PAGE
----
As a casual fan, I wasn't familiar with Sauron's backstory. I thought he was just Mr. Evil Incaranate. I've since learned that Rings takes place during his "reformed" phase, where he was (maybe?) legit trying to do good after Morgoth's defeat.
The thing is... almost none of that comes across in the show itself. They could have done a really interesting take on "bad guy trying to make up for bad deeds", but that would have required clueing the viewers in on his true identity. By going instead with Mystery Box storytelling and a Big Twist Reveal, they undermined whatever emotional weight they might have had, and introduce some thorny plot questions.
If Halbrand is genuinely trying to reform himself and wants to recruit Galadriel to join him, why does he get all creepy when she challenges him on his identity? Are we really meant to believe that this thousand-year-old baddie is so fragile he turns back to the dark side after one elf-lady rejects him?
Conversely, if he's just pulling strings and manipulating everyone, why protest so hard about being king? Why not use his powers like he did on Galadriel in the finale? What is his actual plan?
It's confusing, and seems to come out of nowhere. Halbrand goes from "bad boy hero with dodgy past" to "full-on heart of evil" in the blink of an eye, and I don't think the show did the work to make that twist make sense.
Ladies of Power
Unlike its predecessors, Rings has a delightfully astonishing number of female characters.
Disa is my favorite, lighting up every scene and bringing a wonderful dynamic to Durin and Elrond's friendship.
Ranting tangent: I think it's utterly despicable that Disa's actress (Sophia Nomvete) and the show's other actors of color received so much racist hate for their roles. I genuinely don't care if Tolkein wrote "it's critical to the story that these people are all white" in big, neon letters across the cover of The Silmarillion (spoiler alert: he didn't). I don't care about the "but it's medieval Europe" arguments (spoiler alert: it's not medieval Europe, it's Middle Earth—and anyway there were people of color in medieval Europe too). Seriously, if you can buy a world with elves and dragons and wizards and magic metal but a Black dwarf is too much? Your priorities are messed up. It's 2023, not 1937, and actual humans are more important than fictional lore.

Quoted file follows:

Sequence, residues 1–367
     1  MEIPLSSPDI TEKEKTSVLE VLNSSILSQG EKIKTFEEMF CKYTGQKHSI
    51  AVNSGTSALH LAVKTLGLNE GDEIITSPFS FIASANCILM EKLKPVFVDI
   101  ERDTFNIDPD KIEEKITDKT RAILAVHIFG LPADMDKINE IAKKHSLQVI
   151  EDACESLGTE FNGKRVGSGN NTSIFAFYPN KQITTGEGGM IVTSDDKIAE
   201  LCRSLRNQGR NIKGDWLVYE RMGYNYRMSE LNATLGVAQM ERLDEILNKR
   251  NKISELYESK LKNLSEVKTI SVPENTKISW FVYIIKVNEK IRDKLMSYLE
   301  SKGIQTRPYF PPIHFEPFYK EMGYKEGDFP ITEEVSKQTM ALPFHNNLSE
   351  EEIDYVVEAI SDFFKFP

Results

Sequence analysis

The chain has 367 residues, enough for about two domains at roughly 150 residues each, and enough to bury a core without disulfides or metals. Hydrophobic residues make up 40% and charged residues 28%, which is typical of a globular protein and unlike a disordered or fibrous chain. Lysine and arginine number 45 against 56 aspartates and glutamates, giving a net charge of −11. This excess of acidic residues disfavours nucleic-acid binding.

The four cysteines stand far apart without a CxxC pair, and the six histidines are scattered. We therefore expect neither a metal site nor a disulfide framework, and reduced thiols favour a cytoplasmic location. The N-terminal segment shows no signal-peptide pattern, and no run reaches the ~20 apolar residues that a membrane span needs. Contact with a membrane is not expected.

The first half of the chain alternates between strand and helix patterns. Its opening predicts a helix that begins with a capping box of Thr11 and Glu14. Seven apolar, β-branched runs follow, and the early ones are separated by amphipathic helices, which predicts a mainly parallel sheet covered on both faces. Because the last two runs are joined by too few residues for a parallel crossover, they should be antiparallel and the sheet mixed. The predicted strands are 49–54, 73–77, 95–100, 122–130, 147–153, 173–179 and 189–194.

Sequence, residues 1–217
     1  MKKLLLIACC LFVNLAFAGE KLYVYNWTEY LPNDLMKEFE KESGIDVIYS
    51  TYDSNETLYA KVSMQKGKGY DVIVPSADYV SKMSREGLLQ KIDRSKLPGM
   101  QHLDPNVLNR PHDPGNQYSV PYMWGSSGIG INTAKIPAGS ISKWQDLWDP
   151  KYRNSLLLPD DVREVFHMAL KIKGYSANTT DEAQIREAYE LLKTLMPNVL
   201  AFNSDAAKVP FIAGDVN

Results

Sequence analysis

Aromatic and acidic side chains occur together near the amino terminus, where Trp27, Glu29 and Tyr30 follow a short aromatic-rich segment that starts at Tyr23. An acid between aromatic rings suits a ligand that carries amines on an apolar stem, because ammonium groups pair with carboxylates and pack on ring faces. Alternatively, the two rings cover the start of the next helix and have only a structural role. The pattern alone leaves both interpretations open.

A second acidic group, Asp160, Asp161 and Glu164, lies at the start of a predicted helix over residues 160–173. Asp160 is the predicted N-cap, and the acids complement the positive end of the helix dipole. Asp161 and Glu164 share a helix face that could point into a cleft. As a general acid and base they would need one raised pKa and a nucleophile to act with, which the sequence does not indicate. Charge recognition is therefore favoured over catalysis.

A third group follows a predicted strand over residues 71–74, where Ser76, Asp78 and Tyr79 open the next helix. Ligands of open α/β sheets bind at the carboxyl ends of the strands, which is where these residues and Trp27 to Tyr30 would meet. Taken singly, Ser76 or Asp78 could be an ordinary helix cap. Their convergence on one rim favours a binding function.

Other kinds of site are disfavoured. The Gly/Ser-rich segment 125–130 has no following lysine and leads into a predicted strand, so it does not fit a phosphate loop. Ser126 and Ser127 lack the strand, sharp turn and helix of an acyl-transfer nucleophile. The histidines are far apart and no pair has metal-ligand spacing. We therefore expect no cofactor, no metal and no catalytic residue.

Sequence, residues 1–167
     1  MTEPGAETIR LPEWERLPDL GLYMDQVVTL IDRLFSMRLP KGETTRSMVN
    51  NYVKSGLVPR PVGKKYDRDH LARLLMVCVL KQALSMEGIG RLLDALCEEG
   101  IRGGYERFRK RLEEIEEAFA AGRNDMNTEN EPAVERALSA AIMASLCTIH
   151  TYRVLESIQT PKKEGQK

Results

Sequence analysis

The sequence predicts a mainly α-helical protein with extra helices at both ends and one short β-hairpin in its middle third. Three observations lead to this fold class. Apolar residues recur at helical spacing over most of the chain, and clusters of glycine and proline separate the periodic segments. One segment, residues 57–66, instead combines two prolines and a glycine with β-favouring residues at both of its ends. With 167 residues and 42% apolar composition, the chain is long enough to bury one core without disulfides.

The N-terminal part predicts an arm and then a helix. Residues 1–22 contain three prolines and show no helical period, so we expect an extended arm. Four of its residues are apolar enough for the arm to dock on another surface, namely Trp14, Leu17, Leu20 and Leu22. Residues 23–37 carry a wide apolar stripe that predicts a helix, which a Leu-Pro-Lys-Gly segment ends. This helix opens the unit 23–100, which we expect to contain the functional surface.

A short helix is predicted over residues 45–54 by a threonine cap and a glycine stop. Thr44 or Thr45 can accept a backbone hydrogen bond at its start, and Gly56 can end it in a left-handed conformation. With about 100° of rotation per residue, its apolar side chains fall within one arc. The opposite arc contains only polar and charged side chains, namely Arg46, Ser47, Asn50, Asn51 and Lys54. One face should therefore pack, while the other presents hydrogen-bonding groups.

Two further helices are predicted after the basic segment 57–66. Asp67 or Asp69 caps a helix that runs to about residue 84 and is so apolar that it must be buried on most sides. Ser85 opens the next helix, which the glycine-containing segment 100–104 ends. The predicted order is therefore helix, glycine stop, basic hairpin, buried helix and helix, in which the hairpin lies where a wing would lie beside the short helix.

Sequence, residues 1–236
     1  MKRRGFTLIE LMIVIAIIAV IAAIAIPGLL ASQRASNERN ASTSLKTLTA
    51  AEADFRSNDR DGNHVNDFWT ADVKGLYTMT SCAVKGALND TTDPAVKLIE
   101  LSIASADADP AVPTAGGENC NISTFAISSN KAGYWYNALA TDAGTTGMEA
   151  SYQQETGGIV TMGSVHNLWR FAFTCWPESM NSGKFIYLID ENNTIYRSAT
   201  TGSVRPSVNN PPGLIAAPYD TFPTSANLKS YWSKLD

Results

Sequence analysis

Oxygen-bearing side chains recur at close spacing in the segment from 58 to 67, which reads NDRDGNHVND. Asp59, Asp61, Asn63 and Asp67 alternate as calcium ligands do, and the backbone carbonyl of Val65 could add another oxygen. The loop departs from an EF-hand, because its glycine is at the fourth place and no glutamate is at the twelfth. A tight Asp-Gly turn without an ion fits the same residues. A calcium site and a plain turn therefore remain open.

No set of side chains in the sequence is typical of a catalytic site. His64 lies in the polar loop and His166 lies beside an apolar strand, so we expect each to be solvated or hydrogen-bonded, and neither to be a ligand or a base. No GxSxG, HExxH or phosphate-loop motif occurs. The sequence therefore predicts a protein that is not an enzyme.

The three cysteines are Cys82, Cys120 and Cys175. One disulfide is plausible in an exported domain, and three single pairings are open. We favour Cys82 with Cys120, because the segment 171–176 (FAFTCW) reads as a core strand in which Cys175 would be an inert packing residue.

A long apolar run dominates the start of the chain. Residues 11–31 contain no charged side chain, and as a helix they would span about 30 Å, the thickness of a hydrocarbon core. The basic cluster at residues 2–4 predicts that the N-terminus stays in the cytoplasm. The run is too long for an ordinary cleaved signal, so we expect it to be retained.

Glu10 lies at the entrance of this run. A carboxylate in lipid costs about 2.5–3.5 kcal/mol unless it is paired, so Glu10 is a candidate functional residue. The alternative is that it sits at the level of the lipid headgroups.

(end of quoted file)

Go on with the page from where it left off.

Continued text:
Ahem, moving on.
I think Queen Miriel gets the short end of the stick, plot-wise. With all the other main characters jammed into the Numenor story, she doesn't have a lot of room to breathe. Her blindness, if handled tastefully, might give her more to work with in season two.
Nori and her friend helping the Stranger are sweet, but the whole Hobbit storyline feels so disconnected from the main action that it's hard to get too invested. I also feel obliged to echo those calling out the show for its problematic stereotypes. While the prevailing theory is that the Stranger is Gandalf, my son is hoping he's instead one of the Blue Wizards. I think that would be a nice direction for them to go, and give the story more freedom.
Lastly, there's Brownwyn. Her romance with Arondir just doesn't have enough foundation to make it believable. I would have liked to see more depth to her as a person. I had to look up her name, because she was just "Theo's mom" all season.
It's great to see a show embracing diversity and showing such a wide range of experiences, from dwarven princess to elven warrior to commoner human mom to big-hearted teen hobbit. Hopefully the next season will give each of them more depth and opportunities.
- Princess Power:
- Bechdel Test: Pass